Sunday, November 14, 2010


The Kinyarwanda word for wedding is ubukwe. Of the 68 trainees, I was the first to attend one. In the morning on Saturday, I put on a suit and nice shoes and went to my resource family's house. Although the wedding invitation asked guests to be there by 9:00, I arrived to my resource family's house at 9:00 per their instruction. My resource mama was sick, so I went with Christella. We were dressed very well. It was hot but the wedding was close by and we got to the wedding around 9:15. As far as I could tell, people had just started unpacking chairs and decorating. At 9:40 they turned music on.

I've often heard time is fluid in Rwanda, but this experience showed me how. Fashionable tardiness seems to be anywhere from 40 minutes to an hour in this country. Still, Christella and I enjoyed ourselves, passing the time by increasing my very limited vocabulary and hiding in the moving shade. Eventually we were told where to sit-- the bride's family's side.

The wedding was organized into three areas. The bride's family and groom's family faced each other on opposite ends. In the center was a sort of stage area. Most of the action occurred in between the two houses. There seemed to be a lot of pageantry involved and Christella translated occasionally. From what I understood, a sort of play went on in which the bride's family accused the groom's of various crimes and the groom's family defended the honor of the groom. Everything said between the families at this point was part of the pageantry aspect and was not true. After this, the groom's family presented two cows. A singer representing the bride's family blessed the cows. From what I understood, the performance became comical at a certain point. Then, a singer representing the groom's family performed.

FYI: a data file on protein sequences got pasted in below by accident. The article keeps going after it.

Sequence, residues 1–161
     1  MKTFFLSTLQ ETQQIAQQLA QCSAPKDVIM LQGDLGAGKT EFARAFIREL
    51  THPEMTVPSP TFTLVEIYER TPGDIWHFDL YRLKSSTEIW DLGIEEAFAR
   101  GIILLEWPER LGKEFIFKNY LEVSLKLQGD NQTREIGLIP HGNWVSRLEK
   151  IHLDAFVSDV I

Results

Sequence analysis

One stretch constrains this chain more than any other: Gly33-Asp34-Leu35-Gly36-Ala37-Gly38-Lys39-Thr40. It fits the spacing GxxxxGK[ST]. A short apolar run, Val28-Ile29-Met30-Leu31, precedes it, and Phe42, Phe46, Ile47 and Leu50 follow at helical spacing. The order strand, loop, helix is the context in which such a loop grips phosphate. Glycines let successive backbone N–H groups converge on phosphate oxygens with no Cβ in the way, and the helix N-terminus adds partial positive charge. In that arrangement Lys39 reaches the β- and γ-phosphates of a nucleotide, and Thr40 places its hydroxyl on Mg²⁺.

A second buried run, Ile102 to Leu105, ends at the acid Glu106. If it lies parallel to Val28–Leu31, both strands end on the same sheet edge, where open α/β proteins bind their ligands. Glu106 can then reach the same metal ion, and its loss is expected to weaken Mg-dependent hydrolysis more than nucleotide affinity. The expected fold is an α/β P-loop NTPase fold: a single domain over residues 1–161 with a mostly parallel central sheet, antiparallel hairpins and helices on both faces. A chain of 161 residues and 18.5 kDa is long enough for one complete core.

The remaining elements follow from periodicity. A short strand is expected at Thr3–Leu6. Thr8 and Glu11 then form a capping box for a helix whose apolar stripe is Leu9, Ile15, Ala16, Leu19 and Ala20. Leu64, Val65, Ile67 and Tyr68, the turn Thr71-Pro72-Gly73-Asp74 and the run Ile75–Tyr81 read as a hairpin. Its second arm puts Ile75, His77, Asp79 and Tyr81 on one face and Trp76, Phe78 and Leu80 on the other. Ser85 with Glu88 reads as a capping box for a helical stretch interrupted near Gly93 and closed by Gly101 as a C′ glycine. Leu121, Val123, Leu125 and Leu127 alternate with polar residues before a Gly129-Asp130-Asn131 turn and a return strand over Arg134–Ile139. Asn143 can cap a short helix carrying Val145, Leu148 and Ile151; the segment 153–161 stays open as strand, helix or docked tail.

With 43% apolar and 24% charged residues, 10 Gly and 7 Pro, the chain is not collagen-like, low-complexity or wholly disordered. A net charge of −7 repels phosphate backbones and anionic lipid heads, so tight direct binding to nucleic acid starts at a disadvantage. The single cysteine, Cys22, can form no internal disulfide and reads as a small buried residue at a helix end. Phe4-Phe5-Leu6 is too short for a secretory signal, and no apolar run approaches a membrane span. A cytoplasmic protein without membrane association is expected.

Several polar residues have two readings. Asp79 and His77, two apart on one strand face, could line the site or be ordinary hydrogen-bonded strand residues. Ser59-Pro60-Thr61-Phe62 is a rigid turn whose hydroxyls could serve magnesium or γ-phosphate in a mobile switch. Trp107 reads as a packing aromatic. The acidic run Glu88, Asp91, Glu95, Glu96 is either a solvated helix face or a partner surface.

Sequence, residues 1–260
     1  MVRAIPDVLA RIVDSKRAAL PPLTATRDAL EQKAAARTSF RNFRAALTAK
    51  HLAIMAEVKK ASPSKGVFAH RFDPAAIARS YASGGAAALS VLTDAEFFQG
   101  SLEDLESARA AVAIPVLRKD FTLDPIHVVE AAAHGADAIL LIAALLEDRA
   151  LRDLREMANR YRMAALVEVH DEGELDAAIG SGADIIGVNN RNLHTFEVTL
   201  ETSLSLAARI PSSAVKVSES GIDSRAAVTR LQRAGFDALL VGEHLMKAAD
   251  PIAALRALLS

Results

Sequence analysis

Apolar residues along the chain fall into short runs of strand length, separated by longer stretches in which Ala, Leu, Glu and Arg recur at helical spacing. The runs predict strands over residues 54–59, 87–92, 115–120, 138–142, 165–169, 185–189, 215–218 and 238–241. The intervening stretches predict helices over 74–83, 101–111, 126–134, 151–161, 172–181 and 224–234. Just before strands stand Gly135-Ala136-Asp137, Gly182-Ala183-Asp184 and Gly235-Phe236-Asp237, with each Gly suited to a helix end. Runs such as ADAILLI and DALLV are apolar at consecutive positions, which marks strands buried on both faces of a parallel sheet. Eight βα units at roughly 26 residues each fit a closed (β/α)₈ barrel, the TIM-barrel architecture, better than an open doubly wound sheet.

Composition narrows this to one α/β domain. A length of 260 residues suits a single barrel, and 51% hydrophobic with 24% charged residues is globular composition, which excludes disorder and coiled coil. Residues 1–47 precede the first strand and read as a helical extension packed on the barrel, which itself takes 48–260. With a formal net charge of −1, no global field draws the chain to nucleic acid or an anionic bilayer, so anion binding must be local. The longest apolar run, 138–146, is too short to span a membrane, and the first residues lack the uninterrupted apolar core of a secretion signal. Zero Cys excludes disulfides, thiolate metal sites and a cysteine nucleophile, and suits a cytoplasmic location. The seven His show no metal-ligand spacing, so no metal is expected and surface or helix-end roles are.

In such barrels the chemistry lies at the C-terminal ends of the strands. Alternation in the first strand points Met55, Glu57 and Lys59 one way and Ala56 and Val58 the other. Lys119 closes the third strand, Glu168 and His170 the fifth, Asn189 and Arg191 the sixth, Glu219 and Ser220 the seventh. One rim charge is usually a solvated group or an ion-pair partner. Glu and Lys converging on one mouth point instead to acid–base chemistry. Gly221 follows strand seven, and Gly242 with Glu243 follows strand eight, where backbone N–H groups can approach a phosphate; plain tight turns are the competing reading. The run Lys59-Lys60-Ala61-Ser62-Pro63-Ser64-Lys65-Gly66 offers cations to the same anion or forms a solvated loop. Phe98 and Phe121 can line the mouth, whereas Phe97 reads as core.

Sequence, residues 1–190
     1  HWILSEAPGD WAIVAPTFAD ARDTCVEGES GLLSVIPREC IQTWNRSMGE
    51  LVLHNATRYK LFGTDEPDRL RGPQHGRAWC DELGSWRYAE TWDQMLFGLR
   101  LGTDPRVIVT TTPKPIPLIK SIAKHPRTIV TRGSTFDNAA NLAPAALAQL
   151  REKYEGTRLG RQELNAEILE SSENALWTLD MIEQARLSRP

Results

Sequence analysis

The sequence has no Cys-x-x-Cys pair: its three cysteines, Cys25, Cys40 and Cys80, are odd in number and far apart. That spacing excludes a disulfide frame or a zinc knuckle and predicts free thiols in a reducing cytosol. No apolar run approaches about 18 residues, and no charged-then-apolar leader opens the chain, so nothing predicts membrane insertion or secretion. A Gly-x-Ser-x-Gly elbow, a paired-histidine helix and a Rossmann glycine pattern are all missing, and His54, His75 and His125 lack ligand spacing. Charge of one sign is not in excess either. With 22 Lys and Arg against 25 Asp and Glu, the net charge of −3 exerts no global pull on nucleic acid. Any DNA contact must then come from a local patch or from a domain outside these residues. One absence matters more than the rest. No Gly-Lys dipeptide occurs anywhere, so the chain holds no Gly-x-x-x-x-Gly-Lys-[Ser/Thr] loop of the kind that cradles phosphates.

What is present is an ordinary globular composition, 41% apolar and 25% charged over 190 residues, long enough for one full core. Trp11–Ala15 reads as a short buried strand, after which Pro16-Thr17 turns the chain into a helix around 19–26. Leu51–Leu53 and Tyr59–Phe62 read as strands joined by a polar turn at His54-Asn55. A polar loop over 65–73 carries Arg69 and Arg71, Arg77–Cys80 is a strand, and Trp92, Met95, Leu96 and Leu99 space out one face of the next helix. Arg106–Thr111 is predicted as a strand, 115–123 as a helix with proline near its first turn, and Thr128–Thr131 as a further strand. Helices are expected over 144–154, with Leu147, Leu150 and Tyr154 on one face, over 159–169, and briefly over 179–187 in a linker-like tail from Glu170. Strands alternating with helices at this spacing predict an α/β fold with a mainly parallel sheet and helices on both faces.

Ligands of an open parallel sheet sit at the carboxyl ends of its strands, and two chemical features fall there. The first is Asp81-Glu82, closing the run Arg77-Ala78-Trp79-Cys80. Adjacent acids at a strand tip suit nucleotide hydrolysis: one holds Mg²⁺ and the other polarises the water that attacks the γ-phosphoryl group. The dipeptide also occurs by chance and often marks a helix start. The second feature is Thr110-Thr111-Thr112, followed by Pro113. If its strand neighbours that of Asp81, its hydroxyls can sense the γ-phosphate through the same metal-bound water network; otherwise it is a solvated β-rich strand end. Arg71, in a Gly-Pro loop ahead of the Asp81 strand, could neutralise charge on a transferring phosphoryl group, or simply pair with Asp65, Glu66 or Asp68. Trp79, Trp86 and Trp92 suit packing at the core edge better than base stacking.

Traditional singer representing the groom's family.

The bride and groom then walked out, followed by a large entourage of bride and groom friends. They stopped first at the groom's family  and said some words, then the brides family. Then they went to the stage area in the middle and were married.

The bride and groom- Tania & Ervine- in traditional garb.

The newlyweds feed each other milk.
Afterwards, the (equivalents of the) best men introduced themselves to the brothers of the bride. The guests were served trays of food, which was excellent, and soft drinks. This was the end of the ceremony. A church reception occurred afterward, but we did not attend.

One element of the wedding I neglected to mention was the Intore dancers, which I intend to address in a separate post.

1 comment:

  1. That's interesting that it was comical, normally you think of weddings as formal. It looks like you are having a great time over there, a really life-chaning experience. Can't wait to read more!